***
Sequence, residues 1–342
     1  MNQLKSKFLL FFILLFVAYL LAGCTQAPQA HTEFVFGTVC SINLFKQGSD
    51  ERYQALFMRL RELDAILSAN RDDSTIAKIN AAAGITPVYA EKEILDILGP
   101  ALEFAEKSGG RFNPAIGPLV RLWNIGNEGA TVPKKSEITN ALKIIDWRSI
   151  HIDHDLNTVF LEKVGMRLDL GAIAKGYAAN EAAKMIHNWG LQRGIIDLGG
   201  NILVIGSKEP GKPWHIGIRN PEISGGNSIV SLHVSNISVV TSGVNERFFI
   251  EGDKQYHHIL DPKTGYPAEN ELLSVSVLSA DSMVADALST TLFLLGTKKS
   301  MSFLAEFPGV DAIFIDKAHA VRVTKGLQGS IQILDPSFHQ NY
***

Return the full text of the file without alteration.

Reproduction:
Sequence, residues 1–342
     1  MNQLKSKFLL FFILLFVAYL LAGCTQAPQA HTEFVFGTVC SINLFKQGSD
    51  ERYQALFMRL RELDAILSAN RDDSTIAKIN AAAGITPVYA EKEILDILGP
   101  ALEFAEKSGG RFNPAIGPLV RLWNIGNEGA TVPKKSEITN ALKIIDWRSI
   151  HIDHDLNTVF LEKVGMRLDL GAIAKGYAAN EAAKMIHNWG LQRGIIDLGG
   201  NILVIGSKEP GKPWHIGIRN PEISGGNSIV SLHVSNISVV TSGVNERFFI
   251  EGDKQYHHIL DPKTGYPAEN ELLSVSVLSA DSMVADALST TLFLLGTKKS
   301  MSFLAEFPGV DAIFIDKAHA VRVTKGLQGS IQILDPSFHQ NY